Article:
Firstly - I'm a complete noob when it comes to Python. I'm currently trying to launch an external program called Dazzle from Python with a the path to an xml file as a parameter.

I've tried a few different options and can get Dazzle to launch - but the xml file is not processed. Below is the script being used:

From windows command line (works as expected)

DAZZLE tmp\file.xml

Python script:

#!c:/Python30/python.exe -u
# -*- coding: windows-1252 -*-
import os
import subprocess
from subprocess import call

p = call('DAZZLE tmp\163282.xml')

Dazzle launches, but the xml file does not get run. I've tried a few different option - nothing seems to work.

Any suggestions will be greatly appreciated

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Last Post by woooee

not specifically answer to your question, but there is duplication of subprocess imports
Just use one

from subprocess import call

I have always found it necessary to use shell=True, on Linux machines anyway.
p = call('DAZZLE tmp\163282.xml', shell=True)

I think I have a partial fix - seems like I needed to have that XML file in the same directory as the script calling it. Not sure why - tried both absolute and relative paths.

The shell=True didn't seem to help; the script still ignored the xml file unless it was in the same dir.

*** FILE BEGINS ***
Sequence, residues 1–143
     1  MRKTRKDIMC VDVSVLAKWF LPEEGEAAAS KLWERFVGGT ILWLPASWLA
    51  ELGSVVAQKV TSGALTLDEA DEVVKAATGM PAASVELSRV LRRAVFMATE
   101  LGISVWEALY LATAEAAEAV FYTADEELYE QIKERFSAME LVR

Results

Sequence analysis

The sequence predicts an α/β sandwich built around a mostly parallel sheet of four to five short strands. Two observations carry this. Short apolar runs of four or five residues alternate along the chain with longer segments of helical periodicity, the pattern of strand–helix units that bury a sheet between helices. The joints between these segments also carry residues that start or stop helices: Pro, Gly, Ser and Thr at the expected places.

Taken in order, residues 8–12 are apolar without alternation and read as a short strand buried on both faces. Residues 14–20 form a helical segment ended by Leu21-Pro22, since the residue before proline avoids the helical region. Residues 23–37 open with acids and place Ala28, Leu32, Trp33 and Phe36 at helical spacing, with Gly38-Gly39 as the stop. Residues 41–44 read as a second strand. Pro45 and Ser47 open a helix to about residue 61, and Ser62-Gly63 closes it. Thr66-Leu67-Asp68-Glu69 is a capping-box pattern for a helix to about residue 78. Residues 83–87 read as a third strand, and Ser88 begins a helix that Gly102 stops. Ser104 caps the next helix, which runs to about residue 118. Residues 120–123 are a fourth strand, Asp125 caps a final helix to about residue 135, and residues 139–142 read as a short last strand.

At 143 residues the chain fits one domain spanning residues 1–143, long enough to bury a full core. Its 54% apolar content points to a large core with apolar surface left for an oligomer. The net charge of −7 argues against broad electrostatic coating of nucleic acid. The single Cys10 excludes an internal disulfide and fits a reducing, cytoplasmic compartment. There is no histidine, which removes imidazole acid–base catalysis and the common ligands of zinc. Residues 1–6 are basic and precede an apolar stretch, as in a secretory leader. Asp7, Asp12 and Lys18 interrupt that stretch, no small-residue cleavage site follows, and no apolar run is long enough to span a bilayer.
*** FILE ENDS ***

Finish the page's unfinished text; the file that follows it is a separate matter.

absolute and relative paths.

Rember to use \\ or /(windows)
\ count as a new line.

So as an example.
c:/tmp/163282.xml
or
c:\\tmp\\163282.xml

if windows you can use code below(Just alternative). Not tested though

import os
os.system("myprog //mydir_where_there_is_xm//myxml.xml")

You dont need two //,only if it is this way \\.

So this will work on windows.
os.system("myprog /mydir_where_there_is_xm/myxml.xml")

You dont need two //,only if it is this way \\.

So this will work on windows.
os.system("myprog /mydir_where_there_is_xm/myxml.xml")

Looks like it was just a path problem - though I swear I tried with both the / and \\. Thanks for all the suggestions, here is the working code:

p = subprocess.Popen('c:\\path\\to\\exe c:\\path\\to\\xml',shell=True)

FYI, os.path.join() will take care of this on any OS
print os.path.join('c:', 'path', 'to', 'exe')